What I have seen happen is the metal tube where the hose slips on the draft inducer will get clogged. A stiff wire like #12 copper or sometimes a piece of coat hanger can be used to clear the metal tube. You can pull the tube from the switch and listen for air flow when the draft inducer turns on. Some pressure switches work on a drop in pressure rather than an increase in pressure and you will have to get the correct switch or one that has a double throw micro switch. I'm assuming that your furnace is similar to the one on this site:
http://tinyurl.com/7mzmap
The prices given to you by the repairman are insane. Even the most crooked companies around here aren't that brazen. Me and my friends would charge under $200.00 for a repair like that.
TDD
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On Tue, 13 Jan 2009 13:05:44 -0800 (PST), " snipped-for-privacy@gmail.com"

So now you have two problems. You've wasted money on a pressure switch that wasnt defective and now have the wrong one in its place. Keeping the hose off is not the way the furnace was designed to operate. If it wasnt needed, the manufacturer wouldnt have wasted the money on it. Not saying that the price the furnace guy was going to charge you was fair or not but after you start up your own hvac business you'll start to see why we charge the prices we do. Its not 1950 anymore incase you havent noticed. Bubba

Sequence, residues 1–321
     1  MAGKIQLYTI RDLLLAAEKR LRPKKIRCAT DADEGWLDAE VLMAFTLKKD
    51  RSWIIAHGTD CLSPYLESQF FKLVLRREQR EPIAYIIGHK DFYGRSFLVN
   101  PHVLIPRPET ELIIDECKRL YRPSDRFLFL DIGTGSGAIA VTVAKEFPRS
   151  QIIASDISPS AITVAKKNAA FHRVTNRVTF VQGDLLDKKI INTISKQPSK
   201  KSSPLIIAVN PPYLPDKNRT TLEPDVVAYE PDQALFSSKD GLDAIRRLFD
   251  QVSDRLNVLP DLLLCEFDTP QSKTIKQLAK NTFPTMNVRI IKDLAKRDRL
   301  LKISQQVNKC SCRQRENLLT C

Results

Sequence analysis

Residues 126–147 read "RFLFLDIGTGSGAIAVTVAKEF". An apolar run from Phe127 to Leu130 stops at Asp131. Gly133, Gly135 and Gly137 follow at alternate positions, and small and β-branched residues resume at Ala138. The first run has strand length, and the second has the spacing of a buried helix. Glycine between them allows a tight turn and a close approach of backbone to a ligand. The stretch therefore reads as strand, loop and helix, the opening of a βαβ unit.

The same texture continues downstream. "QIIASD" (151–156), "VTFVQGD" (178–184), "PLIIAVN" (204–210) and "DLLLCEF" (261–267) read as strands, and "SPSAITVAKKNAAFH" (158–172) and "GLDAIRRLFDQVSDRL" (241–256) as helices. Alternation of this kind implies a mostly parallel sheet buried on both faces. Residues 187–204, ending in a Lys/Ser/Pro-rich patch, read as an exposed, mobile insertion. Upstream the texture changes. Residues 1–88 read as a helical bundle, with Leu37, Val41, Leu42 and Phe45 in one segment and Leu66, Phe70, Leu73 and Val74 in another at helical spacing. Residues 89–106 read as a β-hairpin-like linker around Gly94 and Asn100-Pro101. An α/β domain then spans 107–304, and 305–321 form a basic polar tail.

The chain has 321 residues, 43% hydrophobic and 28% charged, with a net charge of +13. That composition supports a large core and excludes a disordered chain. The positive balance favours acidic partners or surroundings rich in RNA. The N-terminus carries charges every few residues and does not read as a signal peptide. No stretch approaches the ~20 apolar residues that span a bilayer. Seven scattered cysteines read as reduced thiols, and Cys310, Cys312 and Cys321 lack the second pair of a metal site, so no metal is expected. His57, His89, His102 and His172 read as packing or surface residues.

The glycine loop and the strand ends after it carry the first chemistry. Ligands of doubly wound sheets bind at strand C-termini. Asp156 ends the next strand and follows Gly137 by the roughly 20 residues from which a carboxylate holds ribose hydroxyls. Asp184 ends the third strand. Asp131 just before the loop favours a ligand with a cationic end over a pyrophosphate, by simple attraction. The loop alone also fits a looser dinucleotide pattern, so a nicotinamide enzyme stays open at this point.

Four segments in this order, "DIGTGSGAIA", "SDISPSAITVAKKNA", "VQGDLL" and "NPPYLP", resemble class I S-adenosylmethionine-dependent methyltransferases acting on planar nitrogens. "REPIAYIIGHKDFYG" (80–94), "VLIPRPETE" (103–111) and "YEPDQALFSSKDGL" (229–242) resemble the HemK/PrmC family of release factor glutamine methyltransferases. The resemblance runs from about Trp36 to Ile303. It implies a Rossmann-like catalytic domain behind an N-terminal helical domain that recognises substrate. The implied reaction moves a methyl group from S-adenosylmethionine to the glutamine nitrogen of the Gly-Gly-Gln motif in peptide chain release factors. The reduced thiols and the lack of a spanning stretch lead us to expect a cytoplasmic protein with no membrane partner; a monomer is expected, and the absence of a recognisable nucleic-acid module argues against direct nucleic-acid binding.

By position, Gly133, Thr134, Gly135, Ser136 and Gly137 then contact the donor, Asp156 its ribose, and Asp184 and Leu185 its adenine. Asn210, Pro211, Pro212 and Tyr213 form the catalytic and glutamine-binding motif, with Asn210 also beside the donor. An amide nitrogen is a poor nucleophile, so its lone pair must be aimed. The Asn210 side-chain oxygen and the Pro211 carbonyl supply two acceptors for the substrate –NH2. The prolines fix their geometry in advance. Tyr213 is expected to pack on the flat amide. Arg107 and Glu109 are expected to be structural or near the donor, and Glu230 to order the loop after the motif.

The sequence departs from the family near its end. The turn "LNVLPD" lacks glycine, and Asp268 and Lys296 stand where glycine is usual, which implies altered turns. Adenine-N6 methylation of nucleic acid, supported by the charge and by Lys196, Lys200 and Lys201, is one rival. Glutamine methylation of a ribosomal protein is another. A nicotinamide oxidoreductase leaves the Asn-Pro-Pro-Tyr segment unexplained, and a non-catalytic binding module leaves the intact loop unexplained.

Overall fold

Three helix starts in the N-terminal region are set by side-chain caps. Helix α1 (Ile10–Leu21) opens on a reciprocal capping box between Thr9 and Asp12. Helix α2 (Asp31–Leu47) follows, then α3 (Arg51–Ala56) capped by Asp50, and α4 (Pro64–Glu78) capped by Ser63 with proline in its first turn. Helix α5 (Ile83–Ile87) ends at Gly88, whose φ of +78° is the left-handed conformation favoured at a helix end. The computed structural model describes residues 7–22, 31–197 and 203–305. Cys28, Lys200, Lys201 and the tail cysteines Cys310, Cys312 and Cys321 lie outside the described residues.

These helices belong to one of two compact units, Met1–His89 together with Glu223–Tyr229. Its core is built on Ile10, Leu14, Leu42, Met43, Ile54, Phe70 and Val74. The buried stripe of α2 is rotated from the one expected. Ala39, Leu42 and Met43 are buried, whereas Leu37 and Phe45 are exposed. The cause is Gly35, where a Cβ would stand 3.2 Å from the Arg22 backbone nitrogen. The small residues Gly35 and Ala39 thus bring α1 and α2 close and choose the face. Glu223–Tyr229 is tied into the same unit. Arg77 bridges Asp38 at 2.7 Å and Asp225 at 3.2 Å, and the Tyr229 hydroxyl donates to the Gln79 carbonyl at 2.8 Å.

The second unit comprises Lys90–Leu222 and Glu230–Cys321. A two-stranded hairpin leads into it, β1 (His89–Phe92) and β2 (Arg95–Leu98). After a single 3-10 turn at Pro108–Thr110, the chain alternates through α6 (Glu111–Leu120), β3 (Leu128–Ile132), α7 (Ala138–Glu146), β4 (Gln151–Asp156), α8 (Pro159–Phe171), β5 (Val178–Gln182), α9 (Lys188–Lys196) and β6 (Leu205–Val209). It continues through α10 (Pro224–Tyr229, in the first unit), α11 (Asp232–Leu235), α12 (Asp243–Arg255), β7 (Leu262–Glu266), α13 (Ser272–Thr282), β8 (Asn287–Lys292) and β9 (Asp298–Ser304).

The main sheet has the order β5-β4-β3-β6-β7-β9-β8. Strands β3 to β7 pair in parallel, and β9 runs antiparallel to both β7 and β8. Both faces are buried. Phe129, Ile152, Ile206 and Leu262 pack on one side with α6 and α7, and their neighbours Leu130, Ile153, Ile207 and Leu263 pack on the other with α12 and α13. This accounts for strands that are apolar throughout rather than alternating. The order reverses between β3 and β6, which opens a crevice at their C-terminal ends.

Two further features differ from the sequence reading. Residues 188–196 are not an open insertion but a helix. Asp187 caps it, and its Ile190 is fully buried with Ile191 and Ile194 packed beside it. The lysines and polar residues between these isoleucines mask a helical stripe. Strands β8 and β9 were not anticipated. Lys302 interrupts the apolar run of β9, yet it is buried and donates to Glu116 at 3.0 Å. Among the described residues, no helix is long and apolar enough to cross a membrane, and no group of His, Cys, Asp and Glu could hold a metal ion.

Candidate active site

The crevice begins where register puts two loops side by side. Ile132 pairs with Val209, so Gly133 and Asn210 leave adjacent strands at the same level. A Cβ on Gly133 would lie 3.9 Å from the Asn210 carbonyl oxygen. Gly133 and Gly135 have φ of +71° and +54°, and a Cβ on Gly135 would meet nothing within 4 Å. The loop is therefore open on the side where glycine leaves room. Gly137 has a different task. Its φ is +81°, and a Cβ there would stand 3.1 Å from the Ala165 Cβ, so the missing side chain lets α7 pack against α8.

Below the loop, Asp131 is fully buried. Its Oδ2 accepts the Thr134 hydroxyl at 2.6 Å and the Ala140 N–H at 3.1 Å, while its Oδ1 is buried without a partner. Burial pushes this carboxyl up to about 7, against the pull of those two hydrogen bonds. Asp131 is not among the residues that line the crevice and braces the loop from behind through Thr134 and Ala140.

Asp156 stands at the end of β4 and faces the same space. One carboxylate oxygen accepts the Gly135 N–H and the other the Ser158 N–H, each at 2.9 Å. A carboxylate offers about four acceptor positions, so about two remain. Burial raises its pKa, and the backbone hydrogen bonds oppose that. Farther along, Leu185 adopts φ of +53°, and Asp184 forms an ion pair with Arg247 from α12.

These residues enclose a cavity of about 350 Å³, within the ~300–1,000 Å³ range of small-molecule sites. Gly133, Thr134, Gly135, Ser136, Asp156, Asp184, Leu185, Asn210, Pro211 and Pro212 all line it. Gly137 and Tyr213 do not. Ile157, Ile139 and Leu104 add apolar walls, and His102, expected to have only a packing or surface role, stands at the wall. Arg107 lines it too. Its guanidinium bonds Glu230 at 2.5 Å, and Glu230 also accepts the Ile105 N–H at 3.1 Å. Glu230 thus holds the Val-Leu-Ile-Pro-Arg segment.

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On Tue, 13 Jan 2009 13:05:44 -0800 (PST), " snipped-for-privacy@gmail.com"

Our 5-yo high efficiency gas furnace quit working recently, and the cause was a slight sag in the exhaust PVC piping run (horizontal out the side of the house) that apparently was not exhausting the fumes and kept the pressure switch from activating the fuel (or something like that). All is well now, no parts were replaced.
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On Jan 13, 3:05pm, " snipped-for-privacy@gmail.com"

This is condensing? Blockage or ice on air intake- exhaust is common, an animal, bird can get in them if there is no screen. Get a different pro to check the whole thing out, when is the last time it was cleaned completly and gone over by a pro. You dont take off hoses or anything, safteys are put in for a reason.
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its just strange that it works fine during the day, but at night they periodically have to turn it off and on. sucks even more since the northeast is getting a cold spell at this time. no chimney its a condo the vent goes outside and doesnt seem to be blocked cuz it comes out just fine.
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wrote:

This is condensing? Blockage or ice on air intake- exhaust is common, an animal, bird can get in them if there is no screen. Get a different pro to check the whole thing out, when is the last time it was cleaned completly and gone over by a pro. You dont take off hoses or anything, safteys are put in for a reason.
If it's a condensing furnace then it might be important to know where the condensate drain goes. If it's dumped outside and the water freezes at the end of the drain line that could be a major reason for a furnace shutdown. During the day it might be warm enough to prevent freezing. Just a thought. MLD